Allan Law

Blog

Firm Announcements and Law Updates

Real Estate Litigation and Caveat Emptor

When purchasing goods or property from a seller, the Latin maxim, “caveat emptor” or “let the buyer beware” is generally a good rule of thumb to follow. However, in the case of real estate, there are circumstances in which the vendor can be held liable for conditions with respect to a property which are discovered post-closing as is illustrated in a recent Ontario Court of Appeal Decision.

In Soboczynski et. al. v. Beauchamp et. al. (2015 Ont. C.A.), the parties entered into an agreement of purchase and sale (“APS”) for a residence. The APS included an “entire agreement clause.” The clause provided that the APS contained all terms of the agreement and that there were no representations binding aside from those set out in the APS.

After executing the APS but prior to closing the vendors signed a standard seller property information form (“SPIS”) in which they stated that the subject property was not subject to flooding and they further undertook to notify the purchasers of any important information contained in the form.

As luck would have it for the vendors, the home flooded sometime after the APS and SPIS forms were signed but prior to closing. The vendors consulted their lawyer about the flood but did not inform the purchasers of the incident. Evidently, the vendors believed that the flood was an isolated occurrence and did not invoke the notification clause called for under the SPIS.

After closing the purchasers learned of the flood and sued the vendors for damages. At trial, the judge found that the “entire agreement clause” in the APS “prevails to exclude” the representations made in the SPIS since the SPIS was not incorporated into the agreement of purchase and sale. In other words, the purchasers could not rely upon the SPIS to establish that the vendors failed to make proper representations because this form was not part of the agreement of purchase and sale.

The purchasers appealed to the Divisional Court which allowed the appeal. According to the Divisional Court, the entire agreement clause in the APS did not affect the purchasers’ claim with respect to the representations made in the SPIS.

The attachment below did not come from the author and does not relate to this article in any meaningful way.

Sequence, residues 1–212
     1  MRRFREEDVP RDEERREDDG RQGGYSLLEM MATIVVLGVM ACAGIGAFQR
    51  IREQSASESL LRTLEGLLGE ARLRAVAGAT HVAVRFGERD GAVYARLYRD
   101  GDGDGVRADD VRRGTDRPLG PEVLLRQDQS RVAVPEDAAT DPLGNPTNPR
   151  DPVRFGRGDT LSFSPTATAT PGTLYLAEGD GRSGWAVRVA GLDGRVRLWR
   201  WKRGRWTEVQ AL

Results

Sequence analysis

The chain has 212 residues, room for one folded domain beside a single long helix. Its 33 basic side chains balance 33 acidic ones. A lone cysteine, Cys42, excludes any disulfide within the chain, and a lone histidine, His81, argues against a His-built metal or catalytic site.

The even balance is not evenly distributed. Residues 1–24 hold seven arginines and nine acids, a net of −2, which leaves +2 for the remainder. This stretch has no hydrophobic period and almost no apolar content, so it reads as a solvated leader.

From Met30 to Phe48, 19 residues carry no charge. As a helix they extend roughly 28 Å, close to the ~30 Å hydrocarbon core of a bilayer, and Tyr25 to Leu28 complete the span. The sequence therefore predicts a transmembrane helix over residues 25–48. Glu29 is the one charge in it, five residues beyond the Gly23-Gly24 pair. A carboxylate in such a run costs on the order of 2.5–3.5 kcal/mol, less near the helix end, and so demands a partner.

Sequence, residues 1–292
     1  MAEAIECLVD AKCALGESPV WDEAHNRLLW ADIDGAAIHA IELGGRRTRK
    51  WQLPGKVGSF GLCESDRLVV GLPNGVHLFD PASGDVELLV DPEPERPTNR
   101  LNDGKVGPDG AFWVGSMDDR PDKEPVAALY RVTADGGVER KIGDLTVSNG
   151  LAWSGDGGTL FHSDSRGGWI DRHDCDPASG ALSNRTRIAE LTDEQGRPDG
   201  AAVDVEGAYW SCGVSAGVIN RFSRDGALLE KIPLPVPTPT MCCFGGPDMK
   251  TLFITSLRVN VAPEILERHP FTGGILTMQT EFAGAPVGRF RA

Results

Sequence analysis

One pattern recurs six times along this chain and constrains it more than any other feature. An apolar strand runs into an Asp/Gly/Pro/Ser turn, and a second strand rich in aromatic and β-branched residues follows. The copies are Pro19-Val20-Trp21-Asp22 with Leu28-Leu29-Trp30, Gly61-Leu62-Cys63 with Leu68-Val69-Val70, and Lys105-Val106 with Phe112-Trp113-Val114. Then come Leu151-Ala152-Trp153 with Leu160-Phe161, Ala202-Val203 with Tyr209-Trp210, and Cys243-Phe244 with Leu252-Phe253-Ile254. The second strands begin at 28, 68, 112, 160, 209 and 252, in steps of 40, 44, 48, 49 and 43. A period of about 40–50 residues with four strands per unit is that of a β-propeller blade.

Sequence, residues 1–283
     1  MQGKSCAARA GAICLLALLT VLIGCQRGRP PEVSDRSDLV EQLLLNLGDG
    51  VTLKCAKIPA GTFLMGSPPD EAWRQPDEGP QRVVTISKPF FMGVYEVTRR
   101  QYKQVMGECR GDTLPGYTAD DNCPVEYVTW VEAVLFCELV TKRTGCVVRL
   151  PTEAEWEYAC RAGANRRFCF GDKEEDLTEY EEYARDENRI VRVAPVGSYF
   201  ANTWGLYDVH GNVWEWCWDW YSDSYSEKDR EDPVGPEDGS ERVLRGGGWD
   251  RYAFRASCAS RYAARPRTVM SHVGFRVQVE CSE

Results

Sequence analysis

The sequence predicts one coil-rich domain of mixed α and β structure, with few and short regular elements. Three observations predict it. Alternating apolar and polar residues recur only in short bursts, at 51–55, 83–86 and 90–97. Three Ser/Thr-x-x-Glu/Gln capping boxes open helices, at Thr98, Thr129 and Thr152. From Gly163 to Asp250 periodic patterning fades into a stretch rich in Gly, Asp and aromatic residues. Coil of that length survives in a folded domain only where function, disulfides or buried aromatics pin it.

The vendors appealed to the Court of Appeal for Ontario. The basis of the vendor’s position on appeal was of course that the entire agreement clause in the APS precludes a claim for anything not based in the APS. Since the SPIS was not part of the APS, the purchasers could not rely upon the SPIS as a basis for their claim.

The Court of Appeal ruled that the claim could proceed despite the APS “entire agreement clause.” Since the SPIS was given after the entire agreement clause was signed, the claim was not captured by the entire agreement provision. The Court noted with interest that any other ruling would have rendered the provision of the SPIS a “meaningless exchange” since in order for the form to have meaning, there must be consequences to the representations made (or in this case, not made).

In terms of “caveat emptor”, the Court cautioned as follows: “once a vendor ‘breaks his silence’ by signing the SPIS, the doctrine of caveat emptor falls away as a defence mechanism and the vendor must speak truthfully and completely about the matters raised in the unambiguous questions at issue.”

In an interesting twist, although the claim was allowed to proceed, the Court of Appeal deemed that it failed because the purchasers had not established that they acted to their detriment as a result of the representations. Since the damage caused by the flood was repaired by the time the property exchanged hands, there was no damages to the purchasers. Further, the damage, even if not repaired, was not substantial enough to allow the purchasers to rescind the contract. Since there was no damages established and no evidence that the purchasers in any way acted to their detriment, their claim based on negligent representations failed and was dismissed.

Given the above, one wonders why the unsatisfied purchasers invested the time and resources involved in bringing a lawsuit. In any event, while the claim did not result in any damages, it makes for an interesting read on the law dealing with entire agreement clauses.

Thanks for reading,

Jason